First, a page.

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San Diego Border Patrol Chief addresses migrants camping out near San Ysidro

Posted at 6:56 PM, Nov 08, 2023
and last updated 2023-11-08 21:56:47-05

SAN DIEGO (KGTV) — For months, ABC 10News has been reporting on the dramatic increase in migrants crossing into San Diego.

We have been there as people from all over the world have asked for their cell phones to be charged and children have asked for food as they camp between the two border fences in San Ysidro and volunteers have stepped up to help.

Wednesday, we got a new look at the efforts of Border Patrol.

This fiscal year, agents apprehended more than 230,000 migrants that have crossed through our southern border. It's a number agents said they haven't seen in more than two decades.

Onlookers see what look like abandoned campsites filled with blankets, trash and even clothing just minutes down the road.

"Everyday is different. On any given day, there may be no migrants detained behind the wall for a period of 2 hours or there may be 200," said Nina Douglas, volunteer.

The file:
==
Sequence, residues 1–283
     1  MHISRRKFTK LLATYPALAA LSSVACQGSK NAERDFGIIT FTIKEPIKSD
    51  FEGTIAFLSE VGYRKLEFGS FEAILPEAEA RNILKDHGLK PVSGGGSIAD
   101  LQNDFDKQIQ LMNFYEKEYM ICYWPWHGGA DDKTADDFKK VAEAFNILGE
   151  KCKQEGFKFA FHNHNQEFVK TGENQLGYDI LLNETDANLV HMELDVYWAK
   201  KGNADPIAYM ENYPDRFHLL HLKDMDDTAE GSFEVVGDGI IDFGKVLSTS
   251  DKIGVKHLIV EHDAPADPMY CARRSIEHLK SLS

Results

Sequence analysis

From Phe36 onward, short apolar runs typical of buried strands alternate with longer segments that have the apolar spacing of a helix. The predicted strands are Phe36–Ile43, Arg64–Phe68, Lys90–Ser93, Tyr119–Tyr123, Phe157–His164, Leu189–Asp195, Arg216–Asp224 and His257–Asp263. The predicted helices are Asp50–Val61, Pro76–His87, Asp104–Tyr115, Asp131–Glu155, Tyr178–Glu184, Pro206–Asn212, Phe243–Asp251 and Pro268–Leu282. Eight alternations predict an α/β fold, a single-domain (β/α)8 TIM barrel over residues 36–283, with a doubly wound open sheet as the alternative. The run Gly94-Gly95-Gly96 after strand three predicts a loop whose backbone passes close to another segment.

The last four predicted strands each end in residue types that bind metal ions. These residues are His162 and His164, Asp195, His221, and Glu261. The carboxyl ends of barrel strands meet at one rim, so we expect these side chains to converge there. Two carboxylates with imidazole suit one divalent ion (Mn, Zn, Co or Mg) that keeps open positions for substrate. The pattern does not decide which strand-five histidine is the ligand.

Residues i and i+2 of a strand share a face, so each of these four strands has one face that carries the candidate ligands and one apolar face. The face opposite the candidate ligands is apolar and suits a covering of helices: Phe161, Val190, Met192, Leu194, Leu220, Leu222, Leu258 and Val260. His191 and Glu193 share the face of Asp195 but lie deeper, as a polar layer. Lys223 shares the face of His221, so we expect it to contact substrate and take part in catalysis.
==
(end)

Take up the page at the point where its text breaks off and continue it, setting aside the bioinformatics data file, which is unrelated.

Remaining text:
Douglas volunteers her time along our border. She feeds migrants and tends to their medical needs.

"I treated a woman who had a deep laceration in her knee. She stuck her foot through and her knee was about here," she said.

She calls where she operates from an open-air detention site.

"Well, first of all, there is nothing to shelter or cover people who are between the two border fences-border walls other than tarps or blankets that we provide. So, it's about as open-aired as you can get," said Douglas.

San Diego Sector Border Patrol Chief Patricia McGurk-Daniel says the term open-air detention site is dangerous.

She says migrants are in these areas because criminal organizations are putting them there instead of the Port of Entry.

"These are the things that keep me up at night as a chief not only for the migrants that are being put into this position by criminal organizations but also this is where my agents work," said Chief McGurk-Daniel.

She said her agents are humanitarians too.

She explained why it is sometimes taking up to three days to get migrants to processing facilities.

"It's just a massive amount of people and when people are in the middle of nowhere like we're in Spooners, right now but here her you need 4x4 vehicles," she said.

She said many times people don't see the work happening behind the scenes- agents loading babies in car seats and even feeding them in processing centers.

"There's been a lot of misinformation. There's been a lot of criticism but I'm here because I'm proud of the work that my agents do," she said.

Chief McGurk-Daniel said she will continue to advocate for more resources here in San Diego.